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Tuesday, August 8, 2006
Mathematics: Zipf's Law and the AOL Query Database
You may have heard about the most recent
scandal at AOL
, which compiled a statistical sampling of more than twenty million search terms entered by more than 650,000 of their trusting customers, and then made this database available to the public for research purposes. While user names were replaced by numbers, these numbers provide a “thread” by which queries by a given user may be identified so that if, for example, a user entered some piece of information which permits their identity to be discerned, all the other queries they made during the sampling period may be identified as theirs.
AOL have admitted that this wasn't, even by AOL standards, such a bright thing to do, and have pulled the database from their “research.aol.com” site (the very domain name almost tempts one to chuckle), but one of the great problems or strengths of the Internet, depending upon whether you're the one who has made a tremendous goof or everybody else looking to exploit it, is that it's essentially impossible to “un-publish” something once it gets loose in digital form. While AOL have deleted the file, it has already been mirrored all over the world: here is a handy list of places
in case you're interested in getting a copy for your own research. (Note: even as a Gzipped TAR file containing individually Gzipped text files, this is a 440 megabyte download; if you don't have a high-speed Internet connection, or you pay by the amount you download, this probably isn't for you.) Well, I do have a 2 Mbit/sec leased line which is almost idle in the inbound direction, so I set my development machine downloading this file overnight, and by the crack of noon it had arrived chez moi
The first thing I wanted to look at was, as you might guess, the most popular search terms. I wrote a little Perl program which parsed the query strings from the records, divided them into words, and computed a word frequency histogram. Here are the most common twenty words in queries from the database, with the number of occurrences in the complete list of 36,389,567 records:
This isn't at all what I would have guessed, but of course after a moment's reflection, you realise these are AOL customers
—they type URLs (with their elbows, no doubt) into the search box
, not the URL field! Since inquiring minds need to know and will doubtless send me feedback to ask, “sex” is number 27, “nude” 50, “porn” 65, “science” 503, “freedom” 2537, “democracy” 11337, and “libertarian” 36334—welcome to the monkey house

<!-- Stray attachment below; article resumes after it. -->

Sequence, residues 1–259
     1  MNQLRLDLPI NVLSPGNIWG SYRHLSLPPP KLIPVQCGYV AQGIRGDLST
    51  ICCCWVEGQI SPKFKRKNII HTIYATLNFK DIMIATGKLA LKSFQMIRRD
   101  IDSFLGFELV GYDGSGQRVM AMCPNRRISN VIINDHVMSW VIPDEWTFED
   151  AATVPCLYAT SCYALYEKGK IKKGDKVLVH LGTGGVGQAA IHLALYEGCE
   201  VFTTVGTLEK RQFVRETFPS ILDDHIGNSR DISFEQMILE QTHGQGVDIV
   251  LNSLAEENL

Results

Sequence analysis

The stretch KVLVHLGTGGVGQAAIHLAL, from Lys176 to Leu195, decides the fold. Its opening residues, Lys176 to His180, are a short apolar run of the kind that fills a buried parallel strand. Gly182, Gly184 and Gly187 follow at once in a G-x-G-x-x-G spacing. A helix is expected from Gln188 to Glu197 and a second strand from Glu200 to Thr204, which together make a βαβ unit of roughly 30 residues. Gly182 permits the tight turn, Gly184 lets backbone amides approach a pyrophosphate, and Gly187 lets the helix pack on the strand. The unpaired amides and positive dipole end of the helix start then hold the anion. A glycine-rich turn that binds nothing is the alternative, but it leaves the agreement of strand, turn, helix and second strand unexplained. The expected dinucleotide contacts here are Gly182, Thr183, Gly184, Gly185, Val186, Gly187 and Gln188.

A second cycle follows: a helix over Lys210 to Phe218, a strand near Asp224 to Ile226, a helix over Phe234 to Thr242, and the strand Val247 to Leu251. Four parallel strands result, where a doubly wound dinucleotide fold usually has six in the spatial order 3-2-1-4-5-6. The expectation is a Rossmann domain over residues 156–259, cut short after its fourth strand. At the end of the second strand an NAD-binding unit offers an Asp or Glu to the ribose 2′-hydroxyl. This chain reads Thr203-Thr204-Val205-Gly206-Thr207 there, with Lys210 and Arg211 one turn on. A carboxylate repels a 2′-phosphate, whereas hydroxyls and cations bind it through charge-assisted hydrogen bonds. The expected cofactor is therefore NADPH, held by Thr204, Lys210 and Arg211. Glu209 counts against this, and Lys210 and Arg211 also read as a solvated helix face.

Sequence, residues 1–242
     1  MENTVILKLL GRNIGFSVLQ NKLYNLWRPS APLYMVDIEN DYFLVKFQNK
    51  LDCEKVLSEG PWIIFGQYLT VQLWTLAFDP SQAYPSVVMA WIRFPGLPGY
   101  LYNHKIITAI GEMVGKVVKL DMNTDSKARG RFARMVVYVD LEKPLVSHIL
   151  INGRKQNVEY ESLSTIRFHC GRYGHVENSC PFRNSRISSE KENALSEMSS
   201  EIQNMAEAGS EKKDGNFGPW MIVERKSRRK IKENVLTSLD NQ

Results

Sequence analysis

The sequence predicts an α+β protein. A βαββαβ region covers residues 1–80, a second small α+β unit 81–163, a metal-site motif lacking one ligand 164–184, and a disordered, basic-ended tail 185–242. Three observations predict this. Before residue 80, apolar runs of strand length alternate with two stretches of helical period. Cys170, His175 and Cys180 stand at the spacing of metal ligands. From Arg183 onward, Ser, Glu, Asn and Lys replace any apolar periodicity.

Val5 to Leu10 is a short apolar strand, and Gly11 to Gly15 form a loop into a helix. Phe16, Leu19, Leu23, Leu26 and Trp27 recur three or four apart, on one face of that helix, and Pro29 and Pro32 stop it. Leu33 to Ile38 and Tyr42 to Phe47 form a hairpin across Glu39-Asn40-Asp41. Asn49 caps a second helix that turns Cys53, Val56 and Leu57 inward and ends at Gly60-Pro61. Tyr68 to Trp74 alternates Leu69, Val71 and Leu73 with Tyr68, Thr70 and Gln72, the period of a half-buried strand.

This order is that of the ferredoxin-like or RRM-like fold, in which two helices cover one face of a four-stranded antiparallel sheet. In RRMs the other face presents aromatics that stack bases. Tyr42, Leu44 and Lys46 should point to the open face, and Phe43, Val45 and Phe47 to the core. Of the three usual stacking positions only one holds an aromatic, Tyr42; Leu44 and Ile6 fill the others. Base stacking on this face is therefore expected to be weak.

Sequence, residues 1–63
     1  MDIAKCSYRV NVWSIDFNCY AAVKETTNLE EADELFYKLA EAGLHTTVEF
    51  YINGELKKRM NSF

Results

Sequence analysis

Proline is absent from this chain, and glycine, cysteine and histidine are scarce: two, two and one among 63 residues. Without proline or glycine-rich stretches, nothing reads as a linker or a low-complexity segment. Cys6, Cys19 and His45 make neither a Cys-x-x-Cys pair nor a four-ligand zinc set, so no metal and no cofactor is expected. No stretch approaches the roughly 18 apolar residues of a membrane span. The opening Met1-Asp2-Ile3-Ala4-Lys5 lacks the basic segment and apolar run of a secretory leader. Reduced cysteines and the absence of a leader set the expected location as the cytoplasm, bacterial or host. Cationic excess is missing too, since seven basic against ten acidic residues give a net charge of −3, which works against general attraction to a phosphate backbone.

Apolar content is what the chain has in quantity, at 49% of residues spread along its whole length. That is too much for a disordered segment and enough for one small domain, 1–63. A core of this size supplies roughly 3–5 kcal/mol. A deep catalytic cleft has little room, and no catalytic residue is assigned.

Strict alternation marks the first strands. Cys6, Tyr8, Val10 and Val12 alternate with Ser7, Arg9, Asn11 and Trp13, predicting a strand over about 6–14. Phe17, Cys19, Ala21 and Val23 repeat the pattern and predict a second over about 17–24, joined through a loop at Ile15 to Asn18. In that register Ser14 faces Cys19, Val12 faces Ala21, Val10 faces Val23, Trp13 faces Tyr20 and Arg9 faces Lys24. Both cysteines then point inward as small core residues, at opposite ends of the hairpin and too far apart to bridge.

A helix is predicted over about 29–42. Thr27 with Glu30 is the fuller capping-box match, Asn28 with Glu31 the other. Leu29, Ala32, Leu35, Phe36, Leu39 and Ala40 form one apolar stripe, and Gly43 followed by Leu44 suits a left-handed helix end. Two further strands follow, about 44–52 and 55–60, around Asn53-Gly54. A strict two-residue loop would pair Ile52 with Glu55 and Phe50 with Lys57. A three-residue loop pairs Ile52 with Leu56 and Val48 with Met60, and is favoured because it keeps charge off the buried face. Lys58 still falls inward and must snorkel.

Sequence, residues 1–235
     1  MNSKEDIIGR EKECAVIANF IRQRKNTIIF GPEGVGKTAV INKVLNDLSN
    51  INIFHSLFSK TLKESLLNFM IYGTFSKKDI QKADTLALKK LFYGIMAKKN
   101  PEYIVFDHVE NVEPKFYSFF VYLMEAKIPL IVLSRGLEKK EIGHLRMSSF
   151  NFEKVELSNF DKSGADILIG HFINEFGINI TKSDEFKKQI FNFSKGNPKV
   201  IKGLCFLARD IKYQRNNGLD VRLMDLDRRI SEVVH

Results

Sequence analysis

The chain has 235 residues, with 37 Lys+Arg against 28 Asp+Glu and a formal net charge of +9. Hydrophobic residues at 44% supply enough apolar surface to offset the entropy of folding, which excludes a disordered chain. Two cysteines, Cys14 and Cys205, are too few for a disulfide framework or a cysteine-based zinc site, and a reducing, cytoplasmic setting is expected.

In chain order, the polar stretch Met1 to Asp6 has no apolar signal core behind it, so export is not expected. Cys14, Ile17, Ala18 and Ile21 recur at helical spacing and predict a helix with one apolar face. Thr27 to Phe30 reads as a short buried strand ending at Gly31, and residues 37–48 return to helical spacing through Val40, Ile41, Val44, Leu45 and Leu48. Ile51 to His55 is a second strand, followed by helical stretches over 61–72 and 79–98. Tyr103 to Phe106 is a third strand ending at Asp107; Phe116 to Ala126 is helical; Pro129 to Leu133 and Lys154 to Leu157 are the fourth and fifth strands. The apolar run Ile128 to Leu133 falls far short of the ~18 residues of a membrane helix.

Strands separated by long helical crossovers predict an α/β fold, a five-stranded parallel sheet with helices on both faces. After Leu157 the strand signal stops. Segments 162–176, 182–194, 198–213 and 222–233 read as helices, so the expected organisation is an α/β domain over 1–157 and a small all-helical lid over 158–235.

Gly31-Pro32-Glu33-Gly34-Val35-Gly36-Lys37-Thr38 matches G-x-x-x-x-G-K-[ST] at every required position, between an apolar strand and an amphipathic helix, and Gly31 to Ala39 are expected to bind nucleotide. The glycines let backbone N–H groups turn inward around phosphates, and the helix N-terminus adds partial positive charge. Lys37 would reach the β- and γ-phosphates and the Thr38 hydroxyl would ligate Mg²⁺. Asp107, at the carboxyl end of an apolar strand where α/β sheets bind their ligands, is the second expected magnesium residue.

Next, as I am wont to do when presented with a large corpus of primate-generated text, I wanted to see how well Zipf's Law
(or, more generally, the observation that the relation between the rank of items by frequency and the number of occurrences in real-world collections is almost always closely approximated by a power law). Given the query word frequency table, it was easy to perform this analysis: I just dug out the program I'd written for the study which appears on pages 339–346 of Rudy Rucker
's The Lifebox, the Seashell, and the Soul
. A little twiddling and fighting with the hideously opaque charting facilities in OpenOffice Calc yielded the following plot:
axis (with the numbers reading vertically down) is the rank of a given word in the frequency list, while the Y
axis gives the number of times that word appeared in the collection of queries. I dropped the three most common words in the list as “outliers”, which would distort the overall curve. The blue line shows the actual relationship in the database. The red line is a plot of the empirically determined function:
y = 946216 / ((x − 3)0.56)
Power laws rule!
Now while the exponent in this relation differs a great deal from the pure inverse relation Zipf observed for English text, it is clear that word frequency in the very different dialect of search requests is still closely modeled by a power law distribution. It's interesting to speculate what the exponent has to say about the vocabulary of the corpus of text whose distribution it best models. And wouldn't you just love
to know the exponent which best fits the queries of other search engines?
Joe Marasco (read his book
) wrote to complain that my discarding the three most frequent words in the plot above as “outliers” invalidated the Zipf's Law analysis since, as he observes, one of the most remarkable things about the relation is how well it fits the most common words, not just the tail of the distribution. Well, actually, I did not exclude the three top words because they don't fit the distribution, but simply to make the chart easier to read. Including the top word, “com”, which occurs almost six million times in the database, causes the chart to be scaled so that most of the detail is difficult to see. The fit is arguably better
if the top three words are included, as you can see in the following plots:
The blue line is the actual frequencies of the top 100 words and the red line is the fit by
y = 5907621 / (x1.1).
Note that in this case the exponent of 1.1 is much closer to the value of unity in Zipf's law for English text. I have inset a plot for just the first twenty words, which makes the fit for the most common words easier to evaluate. (2006-08-09 18:05 UTC)
Posted at August 8, 2006 21:38